The man regarded as the world's richest banker, whose financial group owns London’s Gherkin building, has died aged 82.
Lebanese-born banker Joseph Safra, who built an empire of over $85 billion in banking assets, died of natural causes in Sao Paulo, Brazil, on Thursday.
Safra “leaves a legacy that will be followed by many generations,” his company Banco Safra said in a statement.
Joseph Yacoub Safra was born in 1938, in Beirut, Lebanon. A low profile but totemic figure in the financial industry, Safra came from a Jewish banking family with roots in Aleppo, Syria.
The Safra family dynasty began its foray into the financial world by financing camel-caravan traders in the Ottoman Empire.
Safra’s great uncle, Ezra, started the family business, and Joseph’s father Jacob expanded to Lebanon, before the family moved to Brazil after the Second World War. Banco Safra was established in 1957.
His two brothers, Moises and Edmond, were famous bankers in their own right. Joseph took over running Banco Safra together with his younger brother, Moises, after older brother Edmond left to build banks in Europe and New York. Edmond, who built a separate multi-billion-dollar banking fortune, died in a fire in his home in Monaco in 1999. His nurse later admitted to causing the fire.
In August 2020, Forbes magazine ranked Safra as the 52nd richest person in the world, with a fortune estimated to be $22.8 billion.
In Brazil he owned Banco Safra, the country's eighth largest bank, and in Switzerland he owned J. Safra Sarasin, a finance house created in a 2013 merger.
Safra also owned 50 per cent banana grower Chiquita Brands International.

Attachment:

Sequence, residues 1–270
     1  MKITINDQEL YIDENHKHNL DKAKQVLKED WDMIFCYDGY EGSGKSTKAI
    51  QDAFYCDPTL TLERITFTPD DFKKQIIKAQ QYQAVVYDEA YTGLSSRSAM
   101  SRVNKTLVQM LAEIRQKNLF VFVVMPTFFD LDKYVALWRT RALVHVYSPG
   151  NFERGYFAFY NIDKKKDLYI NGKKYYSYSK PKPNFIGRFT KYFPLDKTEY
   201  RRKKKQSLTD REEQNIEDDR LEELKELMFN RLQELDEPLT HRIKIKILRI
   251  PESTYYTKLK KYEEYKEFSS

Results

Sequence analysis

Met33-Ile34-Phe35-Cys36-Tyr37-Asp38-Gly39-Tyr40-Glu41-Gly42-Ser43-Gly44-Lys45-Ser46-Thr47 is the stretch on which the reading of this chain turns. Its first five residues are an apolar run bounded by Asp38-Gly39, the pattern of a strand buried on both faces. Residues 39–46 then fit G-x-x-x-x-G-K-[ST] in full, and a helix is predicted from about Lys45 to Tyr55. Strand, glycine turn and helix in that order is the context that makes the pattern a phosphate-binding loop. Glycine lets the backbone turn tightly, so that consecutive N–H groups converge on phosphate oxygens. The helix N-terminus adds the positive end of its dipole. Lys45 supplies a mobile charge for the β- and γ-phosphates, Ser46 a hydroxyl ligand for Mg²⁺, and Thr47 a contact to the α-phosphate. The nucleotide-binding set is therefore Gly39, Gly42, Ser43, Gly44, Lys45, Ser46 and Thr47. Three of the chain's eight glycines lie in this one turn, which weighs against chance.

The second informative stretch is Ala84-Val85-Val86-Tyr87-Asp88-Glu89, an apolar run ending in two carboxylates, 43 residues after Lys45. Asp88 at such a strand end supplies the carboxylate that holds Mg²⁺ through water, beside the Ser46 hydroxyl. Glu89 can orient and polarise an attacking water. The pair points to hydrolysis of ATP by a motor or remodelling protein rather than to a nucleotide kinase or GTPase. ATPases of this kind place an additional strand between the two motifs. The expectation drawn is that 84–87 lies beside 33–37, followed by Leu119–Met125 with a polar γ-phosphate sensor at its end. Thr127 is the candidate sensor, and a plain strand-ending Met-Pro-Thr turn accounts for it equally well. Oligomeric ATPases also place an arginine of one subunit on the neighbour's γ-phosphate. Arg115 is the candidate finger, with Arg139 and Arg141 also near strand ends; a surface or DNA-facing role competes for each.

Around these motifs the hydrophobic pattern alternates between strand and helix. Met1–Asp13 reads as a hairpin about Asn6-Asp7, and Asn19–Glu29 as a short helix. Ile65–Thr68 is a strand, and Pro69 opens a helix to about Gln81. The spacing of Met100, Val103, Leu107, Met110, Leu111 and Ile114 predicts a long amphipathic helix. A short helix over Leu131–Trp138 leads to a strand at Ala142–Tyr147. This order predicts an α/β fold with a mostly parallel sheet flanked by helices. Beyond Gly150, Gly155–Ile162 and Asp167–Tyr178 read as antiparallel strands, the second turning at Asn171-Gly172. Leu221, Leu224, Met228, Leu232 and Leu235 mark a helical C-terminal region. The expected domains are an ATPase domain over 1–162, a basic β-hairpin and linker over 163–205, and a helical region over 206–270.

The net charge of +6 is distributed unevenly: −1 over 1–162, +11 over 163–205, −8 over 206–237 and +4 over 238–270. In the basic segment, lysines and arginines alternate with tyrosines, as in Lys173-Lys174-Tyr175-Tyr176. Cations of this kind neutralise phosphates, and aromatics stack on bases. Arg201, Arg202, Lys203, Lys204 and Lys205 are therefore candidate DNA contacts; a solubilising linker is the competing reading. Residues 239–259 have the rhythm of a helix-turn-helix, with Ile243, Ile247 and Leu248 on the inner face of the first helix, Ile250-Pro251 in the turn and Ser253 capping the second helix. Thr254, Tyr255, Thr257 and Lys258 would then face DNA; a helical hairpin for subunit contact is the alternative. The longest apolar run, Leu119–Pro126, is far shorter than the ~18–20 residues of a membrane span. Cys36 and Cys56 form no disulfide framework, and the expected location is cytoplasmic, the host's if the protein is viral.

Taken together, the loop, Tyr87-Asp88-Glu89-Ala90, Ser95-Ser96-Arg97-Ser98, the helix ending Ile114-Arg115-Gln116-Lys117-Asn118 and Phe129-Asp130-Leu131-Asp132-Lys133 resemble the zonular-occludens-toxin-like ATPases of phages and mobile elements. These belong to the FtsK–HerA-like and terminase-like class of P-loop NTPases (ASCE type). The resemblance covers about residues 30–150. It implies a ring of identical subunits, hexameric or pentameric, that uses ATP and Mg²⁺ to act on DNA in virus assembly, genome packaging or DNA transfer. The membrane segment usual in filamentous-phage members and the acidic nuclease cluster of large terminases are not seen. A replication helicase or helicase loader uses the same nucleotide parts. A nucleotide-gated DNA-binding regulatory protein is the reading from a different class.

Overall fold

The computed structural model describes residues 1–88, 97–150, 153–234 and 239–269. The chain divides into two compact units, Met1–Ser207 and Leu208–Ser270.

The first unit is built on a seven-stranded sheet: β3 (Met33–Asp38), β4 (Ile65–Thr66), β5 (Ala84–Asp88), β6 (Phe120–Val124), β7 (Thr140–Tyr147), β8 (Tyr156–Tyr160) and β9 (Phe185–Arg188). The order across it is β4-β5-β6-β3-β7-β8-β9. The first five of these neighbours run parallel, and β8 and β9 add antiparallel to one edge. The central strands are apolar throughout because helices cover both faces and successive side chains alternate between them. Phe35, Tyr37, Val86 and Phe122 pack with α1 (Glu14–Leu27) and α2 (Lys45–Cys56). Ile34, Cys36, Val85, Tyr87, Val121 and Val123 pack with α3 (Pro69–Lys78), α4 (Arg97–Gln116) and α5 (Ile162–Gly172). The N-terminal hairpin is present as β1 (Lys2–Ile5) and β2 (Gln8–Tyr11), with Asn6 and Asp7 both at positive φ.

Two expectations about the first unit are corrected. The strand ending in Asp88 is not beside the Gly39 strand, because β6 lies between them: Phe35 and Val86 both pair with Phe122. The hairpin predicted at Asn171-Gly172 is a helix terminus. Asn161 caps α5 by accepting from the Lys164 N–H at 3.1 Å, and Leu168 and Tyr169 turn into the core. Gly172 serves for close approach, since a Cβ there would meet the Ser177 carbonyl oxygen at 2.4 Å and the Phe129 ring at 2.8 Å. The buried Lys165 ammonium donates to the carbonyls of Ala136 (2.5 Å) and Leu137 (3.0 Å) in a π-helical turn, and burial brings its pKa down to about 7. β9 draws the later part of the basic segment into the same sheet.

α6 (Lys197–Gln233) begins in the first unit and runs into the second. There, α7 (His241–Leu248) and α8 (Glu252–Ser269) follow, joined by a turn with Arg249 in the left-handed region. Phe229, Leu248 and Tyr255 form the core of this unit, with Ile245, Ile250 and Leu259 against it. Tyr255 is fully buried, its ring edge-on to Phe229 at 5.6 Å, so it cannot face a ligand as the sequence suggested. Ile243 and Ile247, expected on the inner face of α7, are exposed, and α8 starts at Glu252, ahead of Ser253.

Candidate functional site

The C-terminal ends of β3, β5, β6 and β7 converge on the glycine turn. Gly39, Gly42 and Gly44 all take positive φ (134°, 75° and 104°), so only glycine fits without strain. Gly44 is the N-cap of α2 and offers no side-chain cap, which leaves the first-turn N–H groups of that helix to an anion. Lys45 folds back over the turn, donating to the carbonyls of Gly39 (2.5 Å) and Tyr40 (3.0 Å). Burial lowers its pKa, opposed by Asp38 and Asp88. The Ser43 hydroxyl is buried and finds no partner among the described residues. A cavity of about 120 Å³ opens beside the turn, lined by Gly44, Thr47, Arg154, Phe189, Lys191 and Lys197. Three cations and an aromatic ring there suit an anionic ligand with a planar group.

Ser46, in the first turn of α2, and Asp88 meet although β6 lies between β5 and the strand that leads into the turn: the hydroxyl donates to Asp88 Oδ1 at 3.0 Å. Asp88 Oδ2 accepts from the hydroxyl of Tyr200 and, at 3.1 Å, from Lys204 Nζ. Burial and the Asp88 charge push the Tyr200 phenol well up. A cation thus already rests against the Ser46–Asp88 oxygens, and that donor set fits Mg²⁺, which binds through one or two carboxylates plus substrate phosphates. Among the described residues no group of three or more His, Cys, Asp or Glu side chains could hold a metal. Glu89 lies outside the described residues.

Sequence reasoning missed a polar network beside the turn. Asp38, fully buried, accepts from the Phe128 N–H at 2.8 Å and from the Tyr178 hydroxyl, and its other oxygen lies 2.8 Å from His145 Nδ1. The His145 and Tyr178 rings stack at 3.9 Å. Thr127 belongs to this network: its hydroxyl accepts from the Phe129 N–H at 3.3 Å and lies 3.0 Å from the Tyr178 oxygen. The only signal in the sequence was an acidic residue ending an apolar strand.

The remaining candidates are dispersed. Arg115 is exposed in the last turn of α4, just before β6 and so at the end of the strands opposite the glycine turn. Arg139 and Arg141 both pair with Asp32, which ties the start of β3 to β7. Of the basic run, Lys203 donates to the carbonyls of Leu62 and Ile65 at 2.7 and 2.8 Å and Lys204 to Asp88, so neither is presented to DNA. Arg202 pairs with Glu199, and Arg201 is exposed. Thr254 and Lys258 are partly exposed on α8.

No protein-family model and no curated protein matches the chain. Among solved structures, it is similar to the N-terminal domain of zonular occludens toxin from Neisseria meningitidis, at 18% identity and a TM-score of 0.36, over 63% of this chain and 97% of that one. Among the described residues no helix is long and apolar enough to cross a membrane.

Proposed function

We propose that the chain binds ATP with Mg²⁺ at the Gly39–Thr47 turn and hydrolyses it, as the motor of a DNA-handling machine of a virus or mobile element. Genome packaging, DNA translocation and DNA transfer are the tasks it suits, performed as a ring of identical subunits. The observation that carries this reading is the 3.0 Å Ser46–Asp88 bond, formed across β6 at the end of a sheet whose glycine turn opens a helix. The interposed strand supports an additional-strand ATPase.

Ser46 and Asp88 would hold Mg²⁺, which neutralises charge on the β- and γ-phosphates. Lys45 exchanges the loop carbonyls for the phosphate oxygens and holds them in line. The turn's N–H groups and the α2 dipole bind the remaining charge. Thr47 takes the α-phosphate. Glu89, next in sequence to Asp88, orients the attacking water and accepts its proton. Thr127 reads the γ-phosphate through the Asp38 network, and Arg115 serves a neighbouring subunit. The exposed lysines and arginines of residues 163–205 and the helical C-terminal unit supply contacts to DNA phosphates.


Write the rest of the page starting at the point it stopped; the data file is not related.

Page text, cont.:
In 2014, Safra paid more than £700 million to acquire the Gherkin, one of the British capital’s most distinctive buildings. The billionaire also tried to get approval to build a new skyscraper in London. Dubbed the Tulip, the proposal to erect the Norman Foster-designed building was rejected by London mayor Sadiq Khan last year. Safra appealed his decision.
Safra’s $2.3bn real estate portfolio includes Madison Avenue in New York and a 130-room mansion in Sao Paulo, Brazil.
The Safra family were known to approach banking cautiously, with Jacob famously saying: “If you choose to sail upon the seas of banking, build your bank as you would your boat, with the strength to sail safely through any storm.”
As well as his own businesses, Safra "supported countless social, religious and cultural causes, such as the construction and renovation of hospitals, day care centres, museums and religious temples of all faiths," Safra Group said.
Safra had been battling with illness for some time and his three sons — Jacob, David and Alberto — were gradually taking on more of the family businesses.
He is survived by his wife, Vicky, whom he married in 1969, their four children and 14 grandchildren.